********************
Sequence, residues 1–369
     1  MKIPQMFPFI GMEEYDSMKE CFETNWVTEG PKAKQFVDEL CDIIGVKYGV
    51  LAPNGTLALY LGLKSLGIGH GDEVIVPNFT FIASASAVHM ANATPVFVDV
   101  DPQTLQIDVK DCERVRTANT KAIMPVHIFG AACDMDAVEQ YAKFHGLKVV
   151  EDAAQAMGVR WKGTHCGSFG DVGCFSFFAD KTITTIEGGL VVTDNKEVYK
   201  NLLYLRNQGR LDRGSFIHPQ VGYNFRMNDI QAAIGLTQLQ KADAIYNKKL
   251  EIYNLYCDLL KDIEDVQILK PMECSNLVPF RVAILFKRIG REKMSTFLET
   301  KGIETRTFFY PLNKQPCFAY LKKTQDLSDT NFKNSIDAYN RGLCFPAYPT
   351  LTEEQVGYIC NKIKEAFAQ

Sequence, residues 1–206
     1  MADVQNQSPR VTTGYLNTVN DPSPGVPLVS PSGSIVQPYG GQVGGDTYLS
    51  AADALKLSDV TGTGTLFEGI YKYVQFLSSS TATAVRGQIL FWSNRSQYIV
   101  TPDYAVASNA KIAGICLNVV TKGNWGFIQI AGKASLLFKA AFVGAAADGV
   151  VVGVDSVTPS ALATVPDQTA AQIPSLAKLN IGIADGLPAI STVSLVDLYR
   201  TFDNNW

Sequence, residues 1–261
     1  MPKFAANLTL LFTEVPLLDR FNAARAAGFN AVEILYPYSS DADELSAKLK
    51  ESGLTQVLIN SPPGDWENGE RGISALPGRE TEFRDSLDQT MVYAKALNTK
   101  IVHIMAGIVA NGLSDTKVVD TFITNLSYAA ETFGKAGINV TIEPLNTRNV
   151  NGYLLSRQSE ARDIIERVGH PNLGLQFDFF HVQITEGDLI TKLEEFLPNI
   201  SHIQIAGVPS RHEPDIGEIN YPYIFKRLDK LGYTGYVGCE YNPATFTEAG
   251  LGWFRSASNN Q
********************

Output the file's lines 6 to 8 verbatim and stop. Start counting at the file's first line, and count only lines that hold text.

   201  NLLYLRNQGR LDRGSFIHPQ VGYNFRMNDI QAAIGLTQLQ KADAIYNKKL
   251  EIYNLYCDLL KDIEDVQILK PMECSNLVPF RVAILFKRIG REKMSTFLET
   301  KGIETRTFFY PLNKQPCFAY LKKTQDLSDT NFKNSIDAYN RGLCFPAYPT